Monday, May 09, 2011

Fayette School Board Could Hire Superintendent Next Month

This from Jim Warren at H-L:
The Fayette County Board of Education could select a new school superintendent before mid-June, according to a tentative schedule worked out Monday afternoon.

The board has said it wants to have a new superintendent in place by July 1 to succeed Stu Silberman, who announced in February that he is stepping down after leading the Fayette schools for seven years.

Board members met for more than two hours Monday with representatives of the search firm, McPherson & Jacobson LLC, to discuss plans for the final phase of the search. Jacobson officials also gave members a summary of comments received during public forums and stakeholder groups late last month seeking input on the qualities being sought in the new superintendent...

[T]he final phase of that process will kick in after May 16, the deadline for superintendent candidates to submit applications.

McPherson & Jacobson will deliver applications to the district central office on May 19. The district's six-member superintendent screening committee would then review the applications, planning to select top candidates on May 25 in consultation with representatives from McPherson & Jacobson.

The names of recommended candidates would go to the school board for discussion on May is expected that they would select three to possibly five finalists in executive session at that meeting. The names would be made public...

Board members plan to bring the finalists to Lexington for interviews with board members, and forums with key groups and members of the general public during June 6-10...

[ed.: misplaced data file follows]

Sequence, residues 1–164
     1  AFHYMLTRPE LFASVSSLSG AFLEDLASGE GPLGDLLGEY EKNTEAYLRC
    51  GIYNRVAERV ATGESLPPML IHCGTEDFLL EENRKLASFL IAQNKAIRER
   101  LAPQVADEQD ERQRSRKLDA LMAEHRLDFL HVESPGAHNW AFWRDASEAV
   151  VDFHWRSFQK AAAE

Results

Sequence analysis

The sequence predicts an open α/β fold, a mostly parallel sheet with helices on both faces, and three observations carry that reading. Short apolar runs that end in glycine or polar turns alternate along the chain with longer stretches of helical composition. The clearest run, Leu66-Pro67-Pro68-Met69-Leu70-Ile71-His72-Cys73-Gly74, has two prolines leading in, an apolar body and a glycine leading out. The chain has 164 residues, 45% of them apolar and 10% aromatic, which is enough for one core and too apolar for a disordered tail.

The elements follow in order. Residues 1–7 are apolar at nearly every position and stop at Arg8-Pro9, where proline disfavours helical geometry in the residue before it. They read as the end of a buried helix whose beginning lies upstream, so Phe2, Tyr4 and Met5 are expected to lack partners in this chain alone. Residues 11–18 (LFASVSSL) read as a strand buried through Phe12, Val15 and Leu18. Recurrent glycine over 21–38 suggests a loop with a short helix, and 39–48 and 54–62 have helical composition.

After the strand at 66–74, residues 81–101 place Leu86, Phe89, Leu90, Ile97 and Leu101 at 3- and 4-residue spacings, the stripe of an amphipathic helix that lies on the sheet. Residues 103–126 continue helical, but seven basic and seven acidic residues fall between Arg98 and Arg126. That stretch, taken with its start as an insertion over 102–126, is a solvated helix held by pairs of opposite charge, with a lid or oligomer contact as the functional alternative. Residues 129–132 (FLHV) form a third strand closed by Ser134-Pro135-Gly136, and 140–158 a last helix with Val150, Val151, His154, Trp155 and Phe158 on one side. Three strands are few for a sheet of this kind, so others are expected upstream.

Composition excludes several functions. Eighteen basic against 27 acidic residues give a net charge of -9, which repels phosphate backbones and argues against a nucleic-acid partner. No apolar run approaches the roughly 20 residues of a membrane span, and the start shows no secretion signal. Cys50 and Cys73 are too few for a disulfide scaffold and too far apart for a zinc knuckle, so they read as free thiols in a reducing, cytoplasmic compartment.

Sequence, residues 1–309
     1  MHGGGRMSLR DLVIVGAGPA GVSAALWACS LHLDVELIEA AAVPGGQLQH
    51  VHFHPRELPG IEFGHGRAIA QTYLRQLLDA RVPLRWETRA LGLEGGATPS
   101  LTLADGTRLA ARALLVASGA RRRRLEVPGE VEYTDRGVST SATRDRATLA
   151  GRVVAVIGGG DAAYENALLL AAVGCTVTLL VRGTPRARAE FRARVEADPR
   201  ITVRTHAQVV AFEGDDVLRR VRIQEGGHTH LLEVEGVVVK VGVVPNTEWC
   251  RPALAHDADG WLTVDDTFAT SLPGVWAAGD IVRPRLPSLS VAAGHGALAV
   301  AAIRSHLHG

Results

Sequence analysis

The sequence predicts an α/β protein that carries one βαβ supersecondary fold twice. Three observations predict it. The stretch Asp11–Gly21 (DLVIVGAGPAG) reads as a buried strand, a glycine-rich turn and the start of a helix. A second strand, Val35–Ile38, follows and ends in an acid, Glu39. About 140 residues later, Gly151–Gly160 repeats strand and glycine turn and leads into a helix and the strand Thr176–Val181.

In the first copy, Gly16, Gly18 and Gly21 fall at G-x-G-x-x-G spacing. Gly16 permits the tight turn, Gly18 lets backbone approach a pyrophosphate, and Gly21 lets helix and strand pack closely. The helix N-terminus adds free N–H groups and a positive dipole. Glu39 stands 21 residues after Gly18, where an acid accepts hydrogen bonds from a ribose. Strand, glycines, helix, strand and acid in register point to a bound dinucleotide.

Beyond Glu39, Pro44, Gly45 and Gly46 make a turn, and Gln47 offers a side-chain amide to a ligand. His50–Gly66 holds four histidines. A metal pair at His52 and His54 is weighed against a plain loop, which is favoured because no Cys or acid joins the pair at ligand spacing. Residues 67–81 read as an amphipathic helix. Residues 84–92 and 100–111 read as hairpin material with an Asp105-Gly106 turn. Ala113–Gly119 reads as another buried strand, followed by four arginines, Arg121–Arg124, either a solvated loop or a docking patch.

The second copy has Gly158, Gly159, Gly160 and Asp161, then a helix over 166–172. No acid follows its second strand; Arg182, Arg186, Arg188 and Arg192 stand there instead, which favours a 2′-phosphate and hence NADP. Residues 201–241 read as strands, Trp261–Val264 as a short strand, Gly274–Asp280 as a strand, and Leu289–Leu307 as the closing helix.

Anonymous said...

Please, Fayette County Board Members: We don't need another Stu Silberman!

We don't need the artificial emphasis on testing and test preparation.

We do a superintendent who values the need for an in-house lawyer. Let's rehire Brenda Allen!

We need s superintendent who allows educators like Rosaling Hurley Richards to discipline in the schools!

We don't need a superintendent who signs his first name only with smiley-like symbols!

We don't all the "celebrations" and hugging at Board Meetings!

We do need a superintendent who allows community concerns to be voiced at the beginning of the meeting and not the end!

We do need a superintendent with a PhD. Lexington is a college town, after all!

Anonymous said...

I was told this might not be printed, but here goes:

I think we need a superintendent who will address the needs of gay/ lesbian/ and transgendered schools and the bullying of students who the kids think are gay. My son is at Beaumont Middle School and is not gay, but he tells me how often this word is misused. Teachers seem reluctant to discuss the issue. The principal there does not seem to think this is a problem. Lexington is in the Dark Ages on this gay thing and people are suffering. Should the schools not take the lead?

Richard Day said...

Blogger has been under maintanence for a couple of days and this comment apparently got lost in the process: From fayette